|      x.0.0.0/y   -> 10.0.0.0/8
 |      x.x.0.0/y   -> 192.168.0.0/16
 |      x.x.x.0/y   -> 192.168.0.0/24

Another highly useful thing is using loops to run through a bunch of data, lets use netaddr to return all the IPs in a /28 subnet.

In [27]: for ip in IPNetwork('172.10.9.230/28'):
    ...:     print ip
    ...:     
    ...:     
172.10.9.224
172.10.9.225
172.10.9.226
172.10.9.227
172.10.9.228
172.10.9.229
172.10.9.230
172.10.9.231
172.10.9.232
172.10.9.233
172.10.9.234
172.10.9.235
172.10.9.236
172.10.9.237
172.10.9.238
172.10.9.239

Get on with the Cisco!

Let's close out this intro to python by showing off a simple python script that will collect show ip interface brief from a few routers.

First we will import netmiko which is a good Cisco friendly ssh module for python

#!/bin/env python

from netmiko import ConnectHandler

Next we will tell netmiko how to connect to each router, there are quite a few different ways we can do it but I'll make a dictionary that contains the various connection parameters for each device. BTW you can use # to make comments to explain what you are doing in your code, it is a good idea to make notes as you go so you understand your code later or so other people can follow your logic.

#Add Device Info

R01 = {
    'device_type': 'cisco_ios',
    'ip': '10.10.21.101',
    'username': 'admin',
    'password': 'meowcat',
    'secret': 'meowcat',
    'verbose': False,
}

R02 = {
    'device_type': 'cisco_ios',
    'ip': '10.10.21.102',
    'username': 'admin',
    'password': 'meowcat',
    'secret': 'meowcat',
    'verbose': False,
}

R03 = {
    'device_type': 'cisco_ios',
    'ip': '10.10.21.103',
    'username': 'admin',
    'password': 'meowcat',
    'secret': 'meowcat',
    'verbose': False,
}

Once they are all made I will group them all in to a variable we can call.

#Make Varible for routers
all_routers = [R01,R02,R03]

Then we simply make a loop that connects to each device and runs the show ip int brief command then displays the output in a pretty way.

#Loop to collect "show ip int brief" and display it

for router in all_routers:
	net_connect = ConnectHandler(**router)
	output = net_connect.send_command("show ip interface brief")
	print "\n **************** {0} ************".format(router['ip'])
	print output
	print "**************** END ****************\n"

Output

Here is what things look like when we are done. Something like this could be useful if you need to collect info across several different devices.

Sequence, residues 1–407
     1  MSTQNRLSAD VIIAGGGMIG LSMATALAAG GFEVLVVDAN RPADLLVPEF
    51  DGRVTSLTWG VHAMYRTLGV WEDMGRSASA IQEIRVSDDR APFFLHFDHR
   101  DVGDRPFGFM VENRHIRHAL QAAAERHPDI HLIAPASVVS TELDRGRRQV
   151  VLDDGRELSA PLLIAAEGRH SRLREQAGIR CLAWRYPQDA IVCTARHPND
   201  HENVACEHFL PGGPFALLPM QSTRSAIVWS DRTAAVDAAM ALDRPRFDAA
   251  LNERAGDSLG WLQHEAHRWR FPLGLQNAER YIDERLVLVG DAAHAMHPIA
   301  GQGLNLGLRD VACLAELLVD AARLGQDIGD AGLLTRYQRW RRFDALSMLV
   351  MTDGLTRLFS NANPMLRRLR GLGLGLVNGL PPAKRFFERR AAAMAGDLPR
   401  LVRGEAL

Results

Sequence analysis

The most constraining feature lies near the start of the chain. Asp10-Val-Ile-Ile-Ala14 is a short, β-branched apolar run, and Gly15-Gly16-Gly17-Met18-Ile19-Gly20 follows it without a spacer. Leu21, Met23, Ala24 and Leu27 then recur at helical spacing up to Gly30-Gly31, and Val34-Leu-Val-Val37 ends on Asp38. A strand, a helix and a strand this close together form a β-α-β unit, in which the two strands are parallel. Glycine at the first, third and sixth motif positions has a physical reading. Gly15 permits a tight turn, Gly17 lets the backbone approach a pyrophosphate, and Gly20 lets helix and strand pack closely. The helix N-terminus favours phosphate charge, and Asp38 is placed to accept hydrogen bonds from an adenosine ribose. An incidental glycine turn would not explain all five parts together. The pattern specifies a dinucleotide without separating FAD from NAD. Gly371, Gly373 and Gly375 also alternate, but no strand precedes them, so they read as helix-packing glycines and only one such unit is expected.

python "C:\Users\the-packet-thrower\cisco.py"
 **************** 10.10.21.101 ************

Interface              IP-Address      OK? Method Status                Protocol

GigabitEthernet1       10.10.21.101    YES DHCP   up                    up      

GigabitEthernet2       unassigned      YES NVRAM  up                    up      

GigabitEthernet2.12    10.1.2.1        YES manual up                    up      

GigabitEthernet3       unassigned      YES NVRAM  administratively down down    

Loopback0              192.168.254.1   YES manual up                    up      

**************** END ****************

 **************** 10.10.21.102 ************

Interface              IP-Address      OK? Method Status                Protocol

GigabitEthernet1       10.10.21.102    YES DHCP   up                    up      

GigabitEthernet2       unassigned      YES unset  up                    up      

GigabitEthernet2.12    10.1.2.2        YES manual up                    up      

GigabitEthernet2.23    10.2.3.2        YES manual up                    up      

Loopback0              192.168.254.2   YES manual up                    up      

**************** END ****************

 **************** 10.10.21.103 ************

Interface              IP-Address      OK? Method Status                Protocol

GigabitEthernet1       10.10.21.103    YES DHCP   up                    up      

GigabitEthernet2       unassigned      YES unset  up                    up      

GigabitEthernet2.23    10.2.3.3        YES manual up                    up      

GigabitEthernet2.34    10.3.4.3        YES manual up                    up      

Loopback0              192.168.254.3   YES manual up                    up      

**************** END ****************
9 comments
91% Upvoted
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level 1

This is awesome! I've been using Expect scripts to accomplish similar things, but I have a feeling that this might be more elegant and powerful.

Can't wait to try it.

level 1
Comment deleted12 months ago
level 2
Meow 馃悎馃悎Meow 馃惐馃惐 Meow Meow馃嵑馃悎馃惐Meow A+!Original Poster1 point12 months ago

Someone read ahead of the class :)

level 1
Comment deleted12 months ago
level 2
Meow 馃悎馃悎Meow 馃惐馃惐 Meow Meow馃嵑馃悎馃惐Meow A+!Original Poster1 point12 months ago

I did a coupe of his courses, good stuff

level 1

Love it! Thanks u/the-packet-thrower

level 1
CCNA1 point12 months ago

Cool beans

level 1

Great Post! I'd love to see more SDN-related posts in the future (even if just at a high-level without being language-specific).

level 1

Going to try this tomorrow! Do you have any VIRL examples with physical L2 support or Wan connectivity support out there? I'm having trouble with VIRL talking to my home lab.

level 1

Su instead of sudo? Running as root?! Blasphemy! /nerd jokes

In all seriousness, this post is awesome. If CCNA/certs in general weren't such resume boosters I'd probably be studying stuff Cumulus and other SDN stuff, polishing up on my Linux and Python skills, and trying to write posts like this ;-). I for one wouldn't mind seeing more like this in the future.

level 2
Meow 馃悎馃悎Meow 馃惐馃惐 Meow Meow馃嵑馃悎馃惐Meow A+!Original Poster3 points12 months ago

Real men run as root everywhere!